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Hidden illnesses: Behind bipolar disorder and mental health stigma

'Only 2,000 of the 6,000 bipolar disorder patients in Malta are open about their condition to their friends and families', says co-founder of the Bipolar Self-Health group

Denise Grech
1 November 2017, 11:01am
Albert and Lina McCarthy: Grateful that stigma associated with mental health is on the decline
Albert and Lina McCarthy: Grateful that stigma associated with mental health is on the decline
Bipolar disorder is a mental health stigma which is driving sufferers into hiding as more than 4,000 patients suffering from this ‘invisible’ disease remain either unaware of their situation or are afraid to come forward. The illness, also known as manic-depressive illness, causes unusually frequent mood swings and shifts in energy and activity levels.

The Bipolar Self-Help group that set out to reassure families in need of help due to this disorder, brings together families of sufferers in an effort to combat the mental health stigma. 

“Someone’s mental health does not define them,” co-founder and bipolar disorder survivor Albert McCarthy said. “You are not your condition,” he insisted.

Only 2,000 of the 6,000 bipolar disorder patients in Malta are open about their condition to their friends and families, he said. 

“When my husband was diagnosed, I knew nothing about the condition. I realised that, just like me, many families out there don’t know about bipolar disorder and need someone to lean on,” wife and co-founder Lina McCarthy said.

Speaking to MaltaToday, the couple opened up about the dangers of the condition, saying that during episodes of mania – one of the symptoms of bipolar disorder – people may end up spending money recklessly, without being conscious of the situation. Relatives are often left to deal with the brunt of financial losses as a result.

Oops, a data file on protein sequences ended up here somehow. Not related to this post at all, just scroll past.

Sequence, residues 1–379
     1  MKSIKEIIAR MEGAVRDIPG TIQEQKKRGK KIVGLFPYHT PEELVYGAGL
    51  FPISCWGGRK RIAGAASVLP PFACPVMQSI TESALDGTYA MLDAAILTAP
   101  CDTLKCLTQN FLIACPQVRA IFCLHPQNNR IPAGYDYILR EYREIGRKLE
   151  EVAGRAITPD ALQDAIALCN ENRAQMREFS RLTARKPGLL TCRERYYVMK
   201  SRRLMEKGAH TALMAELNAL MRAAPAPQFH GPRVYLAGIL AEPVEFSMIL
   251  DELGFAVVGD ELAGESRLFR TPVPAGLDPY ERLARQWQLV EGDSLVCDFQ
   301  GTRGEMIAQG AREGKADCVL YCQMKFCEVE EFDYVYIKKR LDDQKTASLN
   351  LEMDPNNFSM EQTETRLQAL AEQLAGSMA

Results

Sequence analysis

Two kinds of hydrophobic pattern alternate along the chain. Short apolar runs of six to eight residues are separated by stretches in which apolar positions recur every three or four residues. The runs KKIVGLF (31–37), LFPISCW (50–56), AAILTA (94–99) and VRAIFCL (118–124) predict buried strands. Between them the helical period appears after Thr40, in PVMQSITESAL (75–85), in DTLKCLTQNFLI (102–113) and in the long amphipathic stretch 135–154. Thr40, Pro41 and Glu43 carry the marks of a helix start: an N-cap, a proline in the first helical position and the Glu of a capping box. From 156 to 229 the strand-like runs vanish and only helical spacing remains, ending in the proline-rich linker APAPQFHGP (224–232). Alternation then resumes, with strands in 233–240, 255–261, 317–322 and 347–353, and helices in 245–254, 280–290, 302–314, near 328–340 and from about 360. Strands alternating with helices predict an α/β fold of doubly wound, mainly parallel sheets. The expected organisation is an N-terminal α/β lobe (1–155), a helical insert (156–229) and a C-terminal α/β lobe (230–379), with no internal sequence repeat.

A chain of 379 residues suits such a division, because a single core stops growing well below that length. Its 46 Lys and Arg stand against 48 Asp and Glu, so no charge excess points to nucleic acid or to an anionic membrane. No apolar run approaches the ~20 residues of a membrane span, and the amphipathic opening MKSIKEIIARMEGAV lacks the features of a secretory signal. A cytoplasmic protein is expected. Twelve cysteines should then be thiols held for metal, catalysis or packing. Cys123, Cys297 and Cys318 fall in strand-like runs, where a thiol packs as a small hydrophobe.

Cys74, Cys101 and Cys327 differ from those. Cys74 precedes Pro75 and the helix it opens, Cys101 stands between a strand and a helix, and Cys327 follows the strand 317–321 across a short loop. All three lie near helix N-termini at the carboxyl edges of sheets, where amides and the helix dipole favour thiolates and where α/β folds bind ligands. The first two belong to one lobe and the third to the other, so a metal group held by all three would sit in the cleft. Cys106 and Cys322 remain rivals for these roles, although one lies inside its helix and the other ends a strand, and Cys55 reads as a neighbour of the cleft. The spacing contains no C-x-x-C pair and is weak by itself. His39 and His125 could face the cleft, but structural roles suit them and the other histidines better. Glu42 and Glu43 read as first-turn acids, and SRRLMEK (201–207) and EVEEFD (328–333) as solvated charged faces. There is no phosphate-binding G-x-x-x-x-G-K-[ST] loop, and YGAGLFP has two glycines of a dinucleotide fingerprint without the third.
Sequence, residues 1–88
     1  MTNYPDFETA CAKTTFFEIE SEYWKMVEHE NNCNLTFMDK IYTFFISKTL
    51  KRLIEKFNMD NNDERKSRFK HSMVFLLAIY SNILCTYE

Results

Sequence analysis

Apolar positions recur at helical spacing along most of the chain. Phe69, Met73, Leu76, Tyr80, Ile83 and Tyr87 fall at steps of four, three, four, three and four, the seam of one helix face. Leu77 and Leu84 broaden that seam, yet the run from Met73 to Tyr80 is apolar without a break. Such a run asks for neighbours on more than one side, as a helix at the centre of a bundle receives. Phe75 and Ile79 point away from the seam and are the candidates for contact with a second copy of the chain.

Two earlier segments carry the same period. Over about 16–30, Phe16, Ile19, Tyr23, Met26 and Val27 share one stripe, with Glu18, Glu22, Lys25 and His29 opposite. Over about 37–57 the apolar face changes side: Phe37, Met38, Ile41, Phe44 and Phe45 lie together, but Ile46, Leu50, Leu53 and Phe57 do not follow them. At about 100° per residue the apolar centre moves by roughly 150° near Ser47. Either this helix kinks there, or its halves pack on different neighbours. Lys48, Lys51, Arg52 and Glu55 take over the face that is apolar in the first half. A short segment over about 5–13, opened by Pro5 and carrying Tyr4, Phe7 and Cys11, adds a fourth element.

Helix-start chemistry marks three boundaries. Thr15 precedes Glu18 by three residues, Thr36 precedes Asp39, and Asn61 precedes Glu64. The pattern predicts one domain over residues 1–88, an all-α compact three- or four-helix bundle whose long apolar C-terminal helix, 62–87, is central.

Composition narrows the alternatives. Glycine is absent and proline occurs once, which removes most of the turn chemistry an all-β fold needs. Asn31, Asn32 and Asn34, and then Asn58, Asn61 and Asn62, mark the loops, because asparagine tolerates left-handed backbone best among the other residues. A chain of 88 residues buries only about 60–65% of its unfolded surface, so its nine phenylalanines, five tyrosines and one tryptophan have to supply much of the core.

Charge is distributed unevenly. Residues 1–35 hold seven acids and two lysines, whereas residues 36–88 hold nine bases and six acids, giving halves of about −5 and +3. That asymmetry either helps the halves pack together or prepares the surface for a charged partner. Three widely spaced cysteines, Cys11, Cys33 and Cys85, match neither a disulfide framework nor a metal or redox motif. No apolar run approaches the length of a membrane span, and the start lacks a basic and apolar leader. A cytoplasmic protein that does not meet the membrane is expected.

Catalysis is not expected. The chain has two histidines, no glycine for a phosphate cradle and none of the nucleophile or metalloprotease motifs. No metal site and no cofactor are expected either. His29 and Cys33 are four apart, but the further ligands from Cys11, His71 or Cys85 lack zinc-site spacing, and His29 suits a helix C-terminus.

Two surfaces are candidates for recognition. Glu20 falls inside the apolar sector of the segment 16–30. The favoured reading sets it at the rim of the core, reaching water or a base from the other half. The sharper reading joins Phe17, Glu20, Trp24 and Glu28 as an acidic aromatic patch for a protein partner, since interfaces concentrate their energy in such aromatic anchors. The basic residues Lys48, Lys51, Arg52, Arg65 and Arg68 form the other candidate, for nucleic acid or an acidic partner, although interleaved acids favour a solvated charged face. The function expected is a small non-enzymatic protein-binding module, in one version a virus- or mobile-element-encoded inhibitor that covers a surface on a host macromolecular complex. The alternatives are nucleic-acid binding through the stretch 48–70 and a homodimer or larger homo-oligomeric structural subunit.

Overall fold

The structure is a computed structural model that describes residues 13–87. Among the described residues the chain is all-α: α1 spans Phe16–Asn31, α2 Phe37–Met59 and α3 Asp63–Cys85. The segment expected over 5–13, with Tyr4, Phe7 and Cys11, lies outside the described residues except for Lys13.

Another hazard related to manic episodes is that a person’s elated state leaves them vulnerable to loan sharks, gambling and other forms of addiction. And once again, members of the family and the patients themselves will somehow have to deal with the consequences afterwards.

Furthermore to, literally, add insult to injury, bipolar disorder also causes strong depressive episodes, when the persons who undergo the mental trauma feel ashamed of themselves and the reckless decisions they took during their manic states. 

“One of the greatest dangers of the condition is that patients are prone to suicidal tendencies after their manic episodes,” Lina McCarthy said. 

The couple insisted that being open to diagnosis of mental health illness spares many families from increasing financial and emotional stress. 

But mental health stigma means many are still afraid to approach their GP to talk about their behaviour. 

“Sometimes, it’s enough for our participants to admit their diagnosis,” Lina McCarthy said. “The hardest part of our self-help group is seeing people who refuse to seek help because they are afraid of being judged for it.”

For this reason, the couple encourages those who believe they might be affected by the symptom to visit their general practitioner.  

“You shouldn’t be afraid of visiting your doctor,” said Albert McCarthy. “Families are often more supportive than you believe.”

Using words like ‘crazy’ casually to describe people with mental health problems continues to perpetuate the mental health stigma and alienate sufferers from accessing help, he added.

“Before we came out into the open, we spoke to our children and wives because we were afraid that their kids would get bullied, with their classmates teasing them about their ‘crazy grandfather’,” he continued.

The couple, however, admit that the stigma has changed over time, saying that the number of people who are open about the condition has risen. Family members are also more accepting of relatives who suffer from bipolar disorder.

The Be Positive Self Help group organise a monthly meeting at the Russian Chapel in San Anton Gardens.